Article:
Permaculture is a set of ethics, principles, and a design process for successfully applying lessons from nature to the human realm. An attempt to integrate scientific knowledge of the last four centuries with techniques developed by indigenous cultures over the previous forty, permaculture looks beyond sustainability towards systems that are diverse, regenerative and resilient over the long term. Permaculturalists favor biology over technology, small and slow solutions over instant returns, and regenerative investments over ones that degrade over time.
Permaculture was founded in the late 1970s by two Australians, Bill Mollison and David Holmgren. It was originally developed as a system of “permanent agriculture”, and for its first few decades, Permaculture practitioners focused on designing productive landscapes that mimicked nature in their diversity, durability, and efficient use of resources.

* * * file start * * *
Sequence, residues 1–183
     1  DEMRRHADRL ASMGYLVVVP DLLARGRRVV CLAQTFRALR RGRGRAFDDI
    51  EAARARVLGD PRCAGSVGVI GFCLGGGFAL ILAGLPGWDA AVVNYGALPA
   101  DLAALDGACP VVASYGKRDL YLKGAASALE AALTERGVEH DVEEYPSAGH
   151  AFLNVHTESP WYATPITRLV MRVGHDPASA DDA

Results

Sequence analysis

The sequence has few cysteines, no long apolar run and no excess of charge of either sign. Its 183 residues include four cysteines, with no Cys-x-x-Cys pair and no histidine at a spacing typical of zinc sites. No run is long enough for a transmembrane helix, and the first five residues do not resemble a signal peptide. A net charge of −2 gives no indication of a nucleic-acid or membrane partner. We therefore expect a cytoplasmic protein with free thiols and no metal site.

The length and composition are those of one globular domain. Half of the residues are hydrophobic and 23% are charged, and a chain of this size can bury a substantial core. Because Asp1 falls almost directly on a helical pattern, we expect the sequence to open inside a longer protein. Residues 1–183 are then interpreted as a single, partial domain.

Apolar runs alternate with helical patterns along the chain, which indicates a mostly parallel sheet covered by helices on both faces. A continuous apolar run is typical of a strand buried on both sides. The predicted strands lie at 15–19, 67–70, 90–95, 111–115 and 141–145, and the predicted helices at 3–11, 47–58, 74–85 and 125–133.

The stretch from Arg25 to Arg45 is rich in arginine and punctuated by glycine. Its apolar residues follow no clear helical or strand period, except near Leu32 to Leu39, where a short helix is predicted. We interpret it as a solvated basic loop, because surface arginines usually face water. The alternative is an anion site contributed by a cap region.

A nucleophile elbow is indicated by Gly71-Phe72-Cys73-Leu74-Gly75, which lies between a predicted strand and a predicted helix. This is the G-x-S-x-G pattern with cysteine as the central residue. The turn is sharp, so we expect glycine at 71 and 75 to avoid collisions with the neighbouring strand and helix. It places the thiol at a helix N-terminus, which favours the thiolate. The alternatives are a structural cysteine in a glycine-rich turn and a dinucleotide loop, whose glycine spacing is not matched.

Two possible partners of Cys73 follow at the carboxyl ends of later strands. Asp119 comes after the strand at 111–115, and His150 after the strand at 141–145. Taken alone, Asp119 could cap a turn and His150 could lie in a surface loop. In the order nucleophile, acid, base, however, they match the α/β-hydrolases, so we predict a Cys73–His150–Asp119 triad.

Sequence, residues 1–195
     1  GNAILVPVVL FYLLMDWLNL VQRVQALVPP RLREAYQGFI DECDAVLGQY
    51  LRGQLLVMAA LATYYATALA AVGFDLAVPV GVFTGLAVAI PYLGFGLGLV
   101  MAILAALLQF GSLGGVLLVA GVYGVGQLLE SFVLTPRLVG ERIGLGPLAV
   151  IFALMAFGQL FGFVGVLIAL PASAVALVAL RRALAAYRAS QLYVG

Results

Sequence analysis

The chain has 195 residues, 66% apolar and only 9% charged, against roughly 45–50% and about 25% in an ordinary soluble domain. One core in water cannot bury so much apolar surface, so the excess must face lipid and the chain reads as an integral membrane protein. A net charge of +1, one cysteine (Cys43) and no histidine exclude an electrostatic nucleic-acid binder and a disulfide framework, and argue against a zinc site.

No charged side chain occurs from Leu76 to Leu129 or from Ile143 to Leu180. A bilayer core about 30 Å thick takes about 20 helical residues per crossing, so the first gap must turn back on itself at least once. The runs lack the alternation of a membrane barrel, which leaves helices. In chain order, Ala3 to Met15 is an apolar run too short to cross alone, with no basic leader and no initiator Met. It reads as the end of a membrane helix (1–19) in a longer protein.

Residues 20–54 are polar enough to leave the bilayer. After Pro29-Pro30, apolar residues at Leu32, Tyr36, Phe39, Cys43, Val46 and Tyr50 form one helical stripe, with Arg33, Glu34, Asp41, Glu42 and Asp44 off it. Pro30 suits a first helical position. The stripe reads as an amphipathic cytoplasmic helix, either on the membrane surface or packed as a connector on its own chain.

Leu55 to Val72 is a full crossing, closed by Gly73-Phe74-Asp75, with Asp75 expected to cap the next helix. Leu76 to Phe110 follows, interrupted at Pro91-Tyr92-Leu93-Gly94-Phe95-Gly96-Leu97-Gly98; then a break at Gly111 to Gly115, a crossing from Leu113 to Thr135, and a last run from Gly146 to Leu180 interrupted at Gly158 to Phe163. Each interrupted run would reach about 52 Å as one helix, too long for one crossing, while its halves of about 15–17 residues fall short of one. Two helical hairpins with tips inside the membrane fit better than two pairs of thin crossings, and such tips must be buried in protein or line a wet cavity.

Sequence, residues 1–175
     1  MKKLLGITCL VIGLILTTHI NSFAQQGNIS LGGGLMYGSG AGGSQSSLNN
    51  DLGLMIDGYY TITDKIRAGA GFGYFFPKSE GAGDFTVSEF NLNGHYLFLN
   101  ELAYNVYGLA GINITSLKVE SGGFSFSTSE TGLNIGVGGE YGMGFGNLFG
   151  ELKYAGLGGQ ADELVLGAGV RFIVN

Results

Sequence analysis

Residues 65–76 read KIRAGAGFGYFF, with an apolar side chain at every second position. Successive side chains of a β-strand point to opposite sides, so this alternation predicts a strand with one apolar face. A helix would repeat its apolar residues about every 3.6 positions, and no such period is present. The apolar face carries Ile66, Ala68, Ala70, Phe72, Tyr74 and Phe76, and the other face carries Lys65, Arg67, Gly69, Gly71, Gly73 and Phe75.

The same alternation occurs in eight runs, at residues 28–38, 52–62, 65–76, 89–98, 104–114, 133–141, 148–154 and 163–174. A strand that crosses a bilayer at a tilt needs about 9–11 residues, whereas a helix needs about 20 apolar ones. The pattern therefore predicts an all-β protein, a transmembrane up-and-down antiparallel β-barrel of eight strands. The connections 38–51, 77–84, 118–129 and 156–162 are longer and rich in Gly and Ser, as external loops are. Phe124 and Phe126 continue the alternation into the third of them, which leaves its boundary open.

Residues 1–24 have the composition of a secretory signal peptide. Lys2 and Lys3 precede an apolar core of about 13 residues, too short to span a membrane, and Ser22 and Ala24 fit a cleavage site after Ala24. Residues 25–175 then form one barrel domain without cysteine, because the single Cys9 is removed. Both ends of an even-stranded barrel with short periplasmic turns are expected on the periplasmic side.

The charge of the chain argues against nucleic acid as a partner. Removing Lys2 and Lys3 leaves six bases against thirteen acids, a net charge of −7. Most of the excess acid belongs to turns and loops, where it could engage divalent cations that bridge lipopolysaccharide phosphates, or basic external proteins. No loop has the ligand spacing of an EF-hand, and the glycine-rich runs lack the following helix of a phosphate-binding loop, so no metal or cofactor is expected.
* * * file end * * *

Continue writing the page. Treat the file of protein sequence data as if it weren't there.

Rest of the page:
Over time, the definition of permaculture broadened to “permanent culture”, and its practitioners began to apply the ethics, principles and design process to the social realm. One of the most successful attempts at dealing with these “invisible structures” is the Transition movement, started by British permaculturalist Rob Hopkins in 2006.
At the Wild Green Yonder, we aim to apply permaculture thinking to improve the landscapes and institutions that make Denver so vibrant. Whether we are working with a homeowner to make their yard more sustainable, designing a lesson plan, or consulting with a small business, the ethics, principles and design process of permaculture form the foundation of every aspect of our work.